Associate Ambulance Practitioner

Associate Ambulance Practitioner

AAPs are important members of the frontline ambulance service team. They have key roles to play in assessing, treating and managing patients, enabling paramedics to apply their clinical expertise and working as the clinical lead when crewed with Emergency Care Support Workers (ECSWs).

Within SECAmb, the main responsibilities of fully qualified AAPs include:

  • Working in a range of urgent, emergency and critical out-of-hospital settings, including within ambulances and patients’ homes;
  • Assessing, treating, diagnosing, managing and discharging patients, administering medicines as appropriate, and making referrals to other services, all with appropriate senior clinical support;
  • Assessing and advocating for safe and effective patient care through appropriate decision- making, and escalating decision-making to more senior clinicians as appropriate.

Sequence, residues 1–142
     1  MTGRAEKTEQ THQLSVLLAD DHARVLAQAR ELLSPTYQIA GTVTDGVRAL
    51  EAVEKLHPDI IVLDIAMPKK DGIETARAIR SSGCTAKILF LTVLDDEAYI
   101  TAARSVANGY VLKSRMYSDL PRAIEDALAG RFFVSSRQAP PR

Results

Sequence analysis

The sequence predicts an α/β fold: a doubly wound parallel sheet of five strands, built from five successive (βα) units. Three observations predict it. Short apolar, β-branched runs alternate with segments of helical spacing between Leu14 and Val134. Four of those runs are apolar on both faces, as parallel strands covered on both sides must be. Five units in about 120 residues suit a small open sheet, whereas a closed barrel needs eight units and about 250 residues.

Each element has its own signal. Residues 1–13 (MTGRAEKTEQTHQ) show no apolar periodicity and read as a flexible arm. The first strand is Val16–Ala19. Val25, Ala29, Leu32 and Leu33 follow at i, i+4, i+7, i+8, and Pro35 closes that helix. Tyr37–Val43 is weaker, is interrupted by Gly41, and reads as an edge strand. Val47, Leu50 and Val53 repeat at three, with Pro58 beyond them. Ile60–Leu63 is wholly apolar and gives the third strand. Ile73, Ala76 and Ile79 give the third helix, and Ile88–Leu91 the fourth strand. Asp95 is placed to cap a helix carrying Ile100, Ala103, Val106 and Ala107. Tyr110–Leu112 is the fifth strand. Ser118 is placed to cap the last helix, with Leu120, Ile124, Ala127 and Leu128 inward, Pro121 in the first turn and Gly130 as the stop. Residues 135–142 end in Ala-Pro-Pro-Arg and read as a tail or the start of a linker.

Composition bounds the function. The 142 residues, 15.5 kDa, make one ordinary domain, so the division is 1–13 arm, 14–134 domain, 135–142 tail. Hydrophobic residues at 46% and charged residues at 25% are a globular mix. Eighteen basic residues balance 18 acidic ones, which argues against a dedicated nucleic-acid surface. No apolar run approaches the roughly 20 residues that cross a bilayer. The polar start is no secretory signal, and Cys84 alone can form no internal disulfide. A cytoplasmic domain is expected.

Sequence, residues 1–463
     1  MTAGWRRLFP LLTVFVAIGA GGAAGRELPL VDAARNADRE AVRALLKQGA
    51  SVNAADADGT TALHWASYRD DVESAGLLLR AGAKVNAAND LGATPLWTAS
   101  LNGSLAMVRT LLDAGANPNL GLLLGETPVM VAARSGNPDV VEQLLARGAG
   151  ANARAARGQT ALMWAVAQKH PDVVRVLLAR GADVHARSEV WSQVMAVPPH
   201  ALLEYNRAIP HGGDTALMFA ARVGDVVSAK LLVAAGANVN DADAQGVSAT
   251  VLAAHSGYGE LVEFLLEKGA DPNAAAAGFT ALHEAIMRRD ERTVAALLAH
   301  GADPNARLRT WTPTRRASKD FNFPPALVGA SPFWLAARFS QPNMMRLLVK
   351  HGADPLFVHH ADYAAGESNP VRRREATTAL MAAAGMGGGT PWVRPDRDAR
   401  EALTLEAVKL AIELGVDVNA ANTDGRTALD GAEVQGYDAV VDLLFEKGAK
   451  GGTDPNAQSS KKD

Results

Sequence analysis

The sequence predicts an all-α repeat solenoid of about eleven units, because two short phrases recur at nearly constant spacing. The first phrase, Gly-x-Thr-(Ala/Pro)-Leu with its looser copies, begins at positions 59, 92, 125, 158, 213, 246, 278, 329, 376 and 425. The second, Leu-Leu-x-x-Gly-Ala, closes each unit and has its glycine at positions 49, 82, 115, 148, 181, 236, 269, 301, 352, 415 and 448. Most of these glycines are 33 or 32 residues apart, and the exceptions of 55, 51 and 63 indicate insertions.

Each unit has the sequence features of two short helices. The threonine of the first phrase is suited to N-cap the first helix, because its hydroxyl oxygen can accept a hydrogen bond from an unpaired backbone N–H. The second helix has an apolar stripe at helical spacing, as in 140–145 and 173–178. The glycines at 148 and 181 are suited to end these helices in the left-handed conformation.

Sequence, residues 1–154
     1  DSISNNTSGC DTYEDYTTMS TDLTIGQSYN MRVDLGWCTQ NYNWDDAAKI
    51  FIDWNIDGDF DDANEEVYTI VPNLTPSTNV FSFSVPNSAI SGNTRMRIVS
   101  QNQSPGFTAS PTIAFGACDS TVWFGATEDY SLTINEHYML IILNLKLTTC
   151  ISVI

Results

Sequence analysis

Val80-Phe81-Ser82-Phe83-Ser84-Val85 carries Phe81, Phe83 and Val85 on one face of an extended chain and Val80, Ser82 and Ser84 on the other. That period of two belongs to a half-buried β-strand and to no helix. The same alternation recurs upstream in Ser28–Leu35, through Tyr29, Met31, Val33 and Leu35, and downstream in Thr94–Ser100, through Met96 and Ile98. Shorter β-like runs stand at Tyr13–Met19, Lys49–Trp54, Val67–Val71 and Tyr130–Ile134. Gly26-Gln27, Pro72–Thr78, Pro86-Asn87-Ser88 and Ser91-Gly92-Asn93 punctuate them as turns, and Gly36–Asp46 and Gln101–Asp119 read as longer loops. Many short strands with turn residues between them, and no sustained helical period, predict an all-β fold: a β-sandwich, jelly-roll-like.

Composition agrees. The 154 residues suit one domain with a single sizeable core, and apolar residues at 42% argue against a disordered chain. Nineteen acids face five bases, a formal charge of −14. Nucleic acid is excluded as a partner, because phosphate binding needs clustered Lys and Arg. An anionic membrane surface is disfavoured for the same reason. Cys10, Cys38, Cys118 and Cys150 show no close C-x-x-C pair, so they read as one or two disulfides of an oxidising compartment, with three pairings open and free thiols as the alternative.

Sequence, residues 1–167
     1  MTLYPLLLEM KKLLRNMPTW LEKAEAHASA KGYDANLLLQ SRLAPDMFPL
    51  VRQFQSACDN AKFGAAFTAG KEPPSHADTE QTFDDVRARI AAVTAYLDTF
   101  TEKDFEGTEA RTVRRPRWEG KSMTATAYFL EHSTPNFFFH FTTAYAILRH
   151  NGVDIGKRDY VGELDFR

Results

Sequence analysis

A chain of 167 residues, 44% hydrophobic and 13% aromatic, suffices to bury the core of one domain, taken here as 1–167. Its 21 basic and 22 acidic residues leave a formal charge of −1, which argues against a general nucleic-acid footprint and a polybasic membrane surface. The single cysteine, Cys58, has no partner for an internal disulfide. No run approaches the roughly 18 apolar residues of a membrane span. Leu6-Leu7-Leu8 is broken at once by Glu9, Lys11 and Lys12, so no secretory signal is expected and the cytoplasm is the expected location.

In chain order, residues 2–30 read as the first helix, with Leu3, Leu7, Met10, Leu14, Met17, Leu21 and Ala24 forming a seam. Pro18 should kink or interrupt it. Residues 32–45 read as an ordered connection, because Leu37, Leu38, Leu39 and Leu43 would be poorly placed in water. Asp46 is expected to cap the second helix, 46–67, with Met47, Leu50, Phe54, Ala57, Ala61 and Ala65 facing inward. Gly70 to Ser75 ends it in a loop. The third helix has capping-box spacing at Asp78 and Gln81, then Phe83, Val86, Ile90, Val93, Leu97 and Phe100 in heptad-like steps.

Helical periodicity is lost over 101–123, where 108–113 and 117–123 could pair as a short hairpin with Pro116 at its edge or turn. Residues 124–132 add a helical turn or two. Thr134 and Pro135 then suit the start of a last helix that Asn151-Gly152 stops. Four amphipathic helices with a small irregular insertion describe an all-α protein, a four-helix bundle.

Depending on their level of experience, SECAmb AAPs will work with another colleague – a Paramedic, Newly Qualified Paramedic (NQP), Technician, another AAP or an ECSW – in a double-crewed vehicle, responding to patients with conditions ranging from life-threatening illnesses or injuries to other emergency cases to urgent care needs.

What does it take to become an AAP?

All AAPs in training will work under the supervision of an appropriately qualified and experienced colleague at the same level or above for at least 750 hours.

After successfully completing their training course, AAPs will work alongside colleagues of different grades (as above) and will be eligible to apply for a range of further training and development opportunities should they so wish.

What qualifications do I need?

All AAPs will have successfully achieved the FutureQuals Level 4 Diploma for Associate Ambulance Practitioners.

For more information on how to become a SECAmb AAP, take a look at this booklet.